June 23, 2009

Thoughts From Bethpage

Unlike the grounds crew and volunteers that kept the Black playable, defender Tiger Woods couldn't rise to the occasion

saturation point: A small army of Bethpage workers cleared water off the low-lying 18th fairway with squeegees Thursday after heavy rain forced first-round play to be suspended.

saturation point: A small army of Bethpage workers cleared water off the low-lying 18th fairway with squeegees Thursday after heavy rain forced first-round play to be suspended.

Lucas Glover won the 109th U.S. Open, but Craig Currier was a close second. Ricky Barnes, David Duval and Phil Mickelson, of course, shared runner-up honors in the championship, but without the Herculean efforts of the Bethpage State Park superintendent, his staff and scores of volunteers whose idea of a good time was getting the Black course playable after relentless rain—with everything from squeegees to supersize syringes that drew standing water out of the cups—the medals would still be in a drawer somewhere.

There must have been some four-leaf clovers in all that rough the USGA has grown over the years. How else to explain that this was only the third U.S. Open so plagued by bad weather that an extra day was needed for regulation play to be completed? "The U.S. Open is a long week when everything goes perfectly," said 2006 champion Geoff Ogilvy during a week that stretched into Monday with more starts and stops than the relationship of a pair of fickle teenagers. "We even got lucky [Sunday]," said Currier, who arrived at the course about 3 a.m. every day. "All around us it was pouring. But the weather [overall] was about as bad as I can imagine."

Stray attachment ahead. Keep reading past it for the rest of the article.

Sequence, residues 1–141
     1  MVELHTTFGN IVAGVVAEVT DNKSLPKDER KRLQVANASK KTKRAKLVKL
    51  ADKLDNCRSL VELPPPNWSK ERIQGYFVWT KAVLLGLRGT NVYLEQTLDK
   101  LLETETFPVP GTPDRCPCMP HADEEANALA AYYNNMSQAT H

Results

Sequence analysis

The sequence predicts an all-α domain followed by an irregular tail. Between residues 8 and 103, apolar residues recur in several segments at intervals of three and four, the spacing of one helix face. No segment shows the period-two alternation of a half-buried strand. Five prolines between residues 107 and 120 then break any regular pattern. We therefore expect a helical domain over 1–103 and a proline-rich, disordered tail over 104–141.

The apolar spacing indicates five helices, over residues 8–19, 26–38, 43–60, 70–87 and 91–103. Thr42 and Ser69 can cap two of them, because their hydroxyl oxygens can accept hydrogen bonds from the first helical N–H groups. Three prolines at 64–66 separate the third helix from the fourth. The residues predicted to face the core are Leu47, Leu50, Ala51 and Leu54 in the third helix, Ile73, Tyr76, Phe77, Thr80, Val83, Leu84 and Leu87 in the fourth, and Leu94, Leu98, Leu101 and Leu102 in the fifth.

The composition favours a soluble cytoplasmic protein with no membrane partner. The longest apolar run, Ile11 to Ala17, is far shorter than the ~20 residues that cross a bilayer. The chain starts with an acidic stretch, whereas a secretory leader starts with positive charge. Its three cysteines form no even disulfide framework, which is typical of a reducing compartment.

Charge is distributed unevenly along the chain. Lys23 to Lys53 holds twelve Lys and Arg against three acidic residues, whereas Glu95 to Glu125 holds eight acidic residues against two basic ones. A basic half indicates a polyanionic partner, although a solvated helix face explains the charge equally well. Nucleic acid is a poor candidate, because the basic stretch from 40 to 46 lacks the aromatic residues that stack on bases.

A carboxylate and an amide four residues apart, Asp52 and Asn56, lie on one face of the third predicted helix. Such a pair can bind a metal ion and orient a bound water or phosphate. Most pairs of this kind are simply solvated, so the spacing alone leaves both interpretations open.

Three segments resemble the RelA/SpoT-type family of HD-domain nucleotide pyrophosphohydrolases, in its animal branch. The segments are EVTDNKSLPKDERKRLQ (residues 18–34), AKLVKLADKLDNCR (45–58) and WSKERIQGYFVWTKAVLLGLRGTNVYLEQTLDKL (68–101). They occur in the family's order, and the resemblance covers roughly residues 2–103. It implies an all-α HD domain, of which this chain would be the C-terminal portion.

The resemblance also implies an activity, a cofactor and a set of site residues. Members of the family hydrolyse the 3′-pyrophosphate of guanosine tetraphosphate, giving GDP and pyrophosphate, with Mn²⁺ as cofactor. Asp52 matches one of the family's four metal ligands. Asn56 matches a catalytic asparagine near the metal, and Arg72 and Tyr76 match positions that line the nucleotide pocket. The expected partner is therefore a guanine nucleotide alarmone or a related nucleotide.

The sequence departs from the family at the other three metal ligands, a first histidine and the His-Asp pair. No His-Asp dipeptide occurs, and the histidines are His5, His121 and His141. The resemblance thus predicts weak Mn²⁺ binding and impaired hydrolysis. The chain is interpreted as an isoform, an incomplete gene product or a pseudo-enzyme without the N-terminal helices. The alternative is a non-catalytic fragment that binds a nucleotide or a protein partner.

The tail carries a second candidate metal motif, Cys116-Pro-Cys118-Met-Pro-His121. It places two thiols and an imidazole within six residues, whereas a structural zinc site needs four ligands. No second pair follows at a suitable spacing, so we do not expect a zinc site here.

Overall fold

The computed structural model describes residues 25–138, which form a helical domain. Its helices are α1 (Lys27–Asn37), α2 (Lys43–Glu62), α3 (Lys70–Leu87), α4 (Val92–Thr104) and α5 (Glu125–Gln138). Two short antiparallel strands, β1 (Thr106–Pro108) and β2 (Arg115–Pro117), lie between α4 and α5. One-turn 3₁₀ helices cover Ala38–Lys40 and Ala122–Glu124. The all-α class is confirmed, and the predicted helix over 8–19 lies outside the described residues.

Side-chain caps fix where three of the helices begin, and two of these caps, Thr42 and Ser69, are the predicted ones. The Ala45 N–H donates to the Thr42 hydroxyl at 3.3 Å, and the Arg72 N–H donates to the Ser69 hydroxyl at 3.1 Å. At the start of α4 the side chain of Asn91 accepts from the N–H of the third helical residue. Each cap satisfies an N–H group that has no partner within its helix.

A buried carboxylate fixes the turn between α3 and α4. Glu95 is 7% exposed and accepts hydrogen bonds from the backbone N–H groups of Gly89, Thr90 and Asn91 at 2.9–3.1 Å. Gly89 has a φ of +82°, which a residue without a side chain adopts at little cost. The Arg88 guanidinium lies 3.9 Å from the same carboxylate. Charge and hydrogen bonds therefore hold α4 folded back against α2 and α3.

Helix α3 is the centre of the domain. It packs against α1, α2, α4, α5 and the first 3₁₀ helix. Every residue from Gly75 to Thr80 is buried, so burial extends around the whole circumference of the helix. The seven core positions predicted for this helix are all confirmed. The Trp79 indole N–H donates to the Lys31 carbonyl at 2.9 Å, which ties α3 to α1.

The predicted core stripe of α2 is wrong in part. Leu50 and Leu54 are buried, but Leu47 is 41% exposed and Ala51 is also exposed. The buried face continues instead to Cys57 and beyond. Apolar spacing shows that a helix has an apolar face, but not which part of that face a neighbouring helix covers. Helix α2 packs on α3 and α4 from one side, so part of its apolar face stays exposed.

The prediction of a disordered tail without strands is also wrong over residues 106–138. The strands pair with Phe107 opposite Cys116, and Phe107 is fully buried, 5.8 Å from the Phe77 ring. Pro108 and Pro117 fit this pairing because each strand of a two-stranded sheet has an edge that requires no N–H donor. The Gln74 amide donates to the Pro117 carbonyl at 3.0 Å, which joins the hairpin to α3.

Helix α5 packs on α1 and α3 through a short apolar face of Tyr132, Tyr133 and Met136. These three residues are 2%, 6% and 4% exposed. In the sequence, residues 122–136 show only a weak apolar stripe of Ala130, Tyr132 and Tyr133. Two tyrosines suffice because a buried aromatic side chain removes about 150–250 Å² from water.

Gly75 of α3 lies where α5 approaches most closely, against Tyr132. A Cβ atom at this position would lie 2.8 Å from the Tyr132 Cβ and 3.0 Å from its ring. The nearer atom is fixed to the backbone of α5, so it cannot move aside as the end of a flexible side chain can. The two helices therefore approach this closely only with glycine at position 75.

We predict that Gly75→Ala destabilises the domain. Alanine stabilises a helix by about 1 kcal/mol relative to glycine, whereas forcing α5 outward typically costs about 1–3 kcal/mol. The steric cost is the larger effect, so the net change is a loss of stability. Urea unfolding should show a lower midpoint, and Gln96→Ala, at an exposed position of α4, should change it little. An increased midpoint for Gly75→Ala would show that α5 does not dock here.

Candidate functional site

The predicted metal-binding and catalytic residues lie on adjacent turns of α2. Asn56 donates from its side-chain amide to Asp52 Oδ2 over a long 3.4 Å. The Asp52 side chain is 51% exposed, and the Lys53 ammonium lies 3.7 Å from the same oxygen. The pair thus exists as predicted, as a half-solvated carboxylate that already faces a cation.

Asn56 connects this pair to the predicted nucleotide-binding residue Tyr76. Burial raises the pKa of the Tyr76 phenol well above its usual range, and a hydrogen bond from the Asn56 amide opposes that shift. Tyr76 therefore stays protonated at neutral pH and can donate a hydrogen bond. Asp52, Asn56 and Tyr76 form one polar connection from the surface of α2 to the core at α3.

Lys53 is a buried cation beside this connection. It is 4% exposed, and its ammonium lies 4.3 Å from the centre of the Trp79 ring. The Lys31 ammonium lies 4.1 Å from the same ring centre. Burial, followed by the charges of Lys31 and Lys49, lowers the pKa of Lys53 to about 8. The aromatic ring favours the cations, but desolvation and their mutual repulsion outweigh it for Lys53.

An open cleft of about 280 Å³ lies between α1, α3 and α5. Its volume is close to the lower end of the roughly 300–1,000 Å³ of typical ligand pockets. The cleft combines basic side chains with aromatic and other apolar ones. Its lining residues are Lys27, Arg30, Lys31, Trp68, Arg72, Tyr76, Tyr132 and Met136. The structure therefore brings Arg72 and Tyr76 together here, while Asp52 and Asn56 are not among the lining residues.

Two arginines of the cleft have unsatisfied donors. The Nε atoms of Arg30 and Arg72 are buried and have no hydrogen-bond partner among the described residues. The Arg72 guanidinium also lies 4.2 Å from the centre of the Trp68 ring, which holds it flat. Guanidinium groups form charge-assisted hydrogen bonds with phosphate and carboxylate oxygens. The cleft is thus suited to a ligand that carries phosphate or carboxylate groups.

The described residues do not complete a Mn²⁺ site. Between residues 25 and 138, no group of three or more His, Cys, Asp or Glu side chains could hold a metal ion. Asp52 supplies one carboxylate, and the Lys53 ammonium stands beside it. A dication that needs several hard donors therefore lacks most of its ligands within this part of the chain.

It was the first extended U.S. Open since 1983 (playoff years not included), when a storm late in the fourth round at Oakmont CC forced the last few groups to complete play Monday morning, and Larry Nelson ran in a 60-foot birdie putt on the 16th hole to edge Tom Watson. The only other weather-lengthened Open was won by Billy Casper at Winged Foot GC in 1959. That year severe weather on the scheduled 36-hole Saturday conclusion (U.S. Open practice until 1965) allowed only the third round to be completed, bumping the fourth round to Sunday afternoon—mid-afternoon, in fact, thanks to a New York law that prohibited sporting events from commencing before 2 p.m.